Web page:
Feeling the Judgment
by: Melissa Kavolius
I was 17 and in High School when I had my first seizure in 2006. I had a really stressful week at school because it was during testing time. I came home from school with a terrible headache, told my mom about it and we both wrote it off as stress and all the thinking and studying for my tests. At dinner that evening I was sitting down in a chair holding my plate of food when I suddenly dropped it to the ground, fell on top of my plate of food, and started convulsing. That was my first ever seizure. My mom didn’t know what to do and called my grandma and then I was taken to the hospital. I had another seizure after I got to the hospital. I was diagnosed with Epilepsy that year.
I remember during the hospital stay the staff was getting ready to release me. My mom was trying to get them to keep me because she was worried. I went into another seizure and my mom said my head spun around like the girl in the movie “The Exorcist” and I grabbed ahold of the bed. Needless to say, they kept me for further monitoring at the hospital and put me in the pediatric ward to better monitor me.
We didn’t know where to turn or who to go to for help. My aunt was actually the one to suggested reaching out to Epilepsy Alliance Florida and seeing if you could help. This was in 2010.
I have since been able to utilize the Medical Services Program. I would never have been able to get the treatment and care I have had access to without Epilepsy Alliance Florida. I would never have had a way to get my medications. Epilepsy Alliance Florida has helped me a lot.
Having access to my case manager has also really helped me open up about my epilepsy. I am WAY more comfortable talking about it with others. I have struggled with being judged because of my epilepsy but now I feel more capable of explaining my epilepsy to them. Because of my epilepsy, I often have issues walking and in big stores, I need to take electric carts or I will fall. People will give me side-eyes or judgmental looks for being younger and looking physically able because they can’t see my disability. I will always have to deal with judgment but Epilepsy Alliance Florida has helped equip me to handle that. I will always have to deal with the stress and anxiety of having epilepsy but am able to be more open about it.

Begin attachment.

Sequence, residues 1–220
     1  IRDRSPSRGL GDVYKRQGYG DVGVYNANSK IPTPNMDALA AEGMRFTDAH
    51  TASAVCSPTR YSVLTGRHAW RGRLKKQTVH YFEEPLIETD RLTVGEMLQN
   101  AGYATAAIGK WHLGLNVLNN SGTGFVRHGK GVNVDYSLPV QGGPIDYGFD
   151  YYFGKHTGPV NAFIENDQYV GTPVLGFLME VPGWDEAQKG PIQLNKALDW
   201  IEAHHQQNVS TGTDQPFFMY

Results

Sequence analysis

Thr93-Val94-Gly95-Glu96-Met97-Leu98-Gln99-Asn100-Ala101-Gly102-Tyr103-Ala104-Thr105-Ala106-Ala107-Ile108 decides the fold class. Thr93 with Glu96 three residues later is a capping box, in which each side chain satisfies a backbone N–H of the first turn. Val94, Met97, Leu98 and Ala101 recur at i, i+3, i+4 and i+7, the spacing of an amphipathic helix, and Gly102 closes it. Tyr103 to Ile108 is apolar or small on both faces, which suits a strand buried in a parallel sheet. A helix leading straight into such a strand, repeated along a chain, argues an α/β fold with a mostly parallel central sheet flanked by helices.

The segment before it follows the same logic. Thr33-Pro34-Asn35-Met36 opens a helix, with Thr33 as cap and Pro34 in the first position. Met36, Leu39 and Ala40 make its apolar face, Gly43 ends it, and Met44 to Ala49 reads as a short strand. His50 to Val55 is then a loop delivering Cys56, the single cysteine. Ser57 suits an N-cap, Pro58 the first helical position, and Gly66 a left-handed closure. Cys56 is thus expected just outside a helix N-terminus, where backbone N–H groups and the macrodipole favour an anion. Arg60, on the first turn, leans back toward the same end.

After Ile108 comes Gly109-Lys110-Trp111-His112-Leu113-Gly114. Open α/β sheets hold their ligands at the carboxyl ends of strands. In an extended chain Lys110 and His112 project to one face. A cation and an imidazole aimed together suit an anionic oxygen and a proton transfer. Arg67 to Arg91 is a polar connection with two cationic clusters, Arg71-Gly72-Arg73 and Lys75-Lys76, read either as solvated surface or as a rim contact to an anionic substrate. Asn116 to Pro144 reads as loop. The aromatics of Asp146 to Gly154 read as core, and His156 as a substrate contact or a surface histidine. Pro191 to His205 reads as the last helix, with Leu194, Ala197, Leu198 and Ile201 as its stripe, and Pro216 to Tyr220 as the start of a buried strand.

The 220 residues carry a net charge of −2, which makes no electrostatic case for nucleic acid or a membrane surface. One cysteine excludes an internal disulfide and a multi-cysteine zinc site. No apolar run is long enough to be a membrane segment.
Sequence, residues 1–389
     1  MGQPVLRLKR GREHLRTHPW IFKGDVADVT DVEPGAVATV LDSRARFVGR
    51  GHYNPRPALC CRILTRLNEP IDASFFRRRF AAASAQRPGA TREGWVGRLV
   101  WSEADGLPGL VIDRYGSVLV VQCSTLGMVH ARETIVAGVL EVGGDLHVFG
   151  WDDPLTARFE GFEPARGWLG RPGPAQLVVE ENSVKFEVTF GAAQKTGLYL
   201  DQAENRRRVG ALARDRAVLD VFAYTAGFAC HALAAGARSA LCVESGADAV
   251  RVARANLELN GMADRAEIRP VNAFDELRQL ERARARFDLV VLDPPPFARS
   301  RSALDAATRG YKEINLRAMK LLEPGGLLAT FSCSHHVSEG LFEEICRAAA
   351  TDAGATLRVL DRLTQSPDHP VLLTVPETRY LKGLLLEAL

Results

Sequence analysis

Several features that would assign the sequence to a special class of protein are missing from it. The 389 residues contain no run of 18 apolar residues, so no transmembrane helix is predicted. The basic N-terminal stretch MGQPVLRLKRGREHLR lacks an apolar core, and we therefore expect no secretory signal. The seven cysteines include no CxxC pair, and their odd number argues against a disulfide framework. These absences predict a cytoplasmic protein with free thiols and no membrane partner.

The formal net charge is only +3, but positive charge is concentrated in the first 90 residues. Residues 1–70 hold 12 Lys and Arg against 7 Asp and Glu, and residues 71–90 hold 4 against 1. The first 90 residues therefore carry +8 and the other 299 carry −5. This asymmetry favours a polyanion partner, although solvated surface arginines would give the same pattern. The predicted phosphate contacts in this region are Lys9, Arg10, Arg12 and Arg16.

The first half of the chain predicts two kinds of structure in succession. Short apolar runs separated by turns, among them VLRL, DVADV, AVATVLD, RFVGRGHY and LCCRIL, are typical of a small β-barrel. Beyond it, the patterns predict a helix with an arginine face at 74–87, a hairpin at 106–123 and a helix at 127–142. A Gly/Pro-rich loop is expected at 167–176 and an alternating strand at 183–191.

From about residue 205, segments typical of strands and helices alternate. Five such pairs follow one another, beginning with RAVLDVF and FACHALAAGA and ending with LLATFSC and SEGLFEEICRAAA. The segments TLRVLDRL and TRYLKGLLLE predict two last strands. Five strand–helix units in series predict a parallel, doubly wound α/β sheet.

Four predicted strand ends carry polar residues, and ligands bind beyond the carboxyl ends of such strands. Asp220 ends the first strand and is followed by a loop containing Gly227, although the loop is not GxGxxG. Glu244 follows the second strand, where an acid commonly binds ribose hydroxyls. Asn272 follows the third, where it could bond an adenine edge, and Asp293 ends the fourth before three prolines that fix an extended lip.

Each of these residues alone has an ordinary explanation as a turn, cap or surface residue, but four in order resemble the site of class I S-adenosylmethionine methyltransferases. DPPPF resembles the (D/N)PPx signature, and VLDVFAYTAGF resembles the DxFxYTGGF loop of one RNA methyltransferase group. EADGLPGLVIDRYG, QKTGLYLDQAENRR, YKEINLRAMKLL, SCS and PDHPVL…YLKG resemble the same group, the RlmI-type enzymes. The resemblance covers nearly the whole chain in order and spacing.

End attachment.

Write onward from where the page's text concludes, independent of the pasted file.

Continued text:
In October of last year (2020) I was put on the Extended Release version of my medication and I haven’t had a seizure since. I previously was having several seizures a month.
In the future, I am striving to have a better attitude and be a better person. I hope to find more friends who are understanding of my condition. I also hope to gain complete control over my seizures.
I hope one day they find a cure and no one has to live with this condition ever again.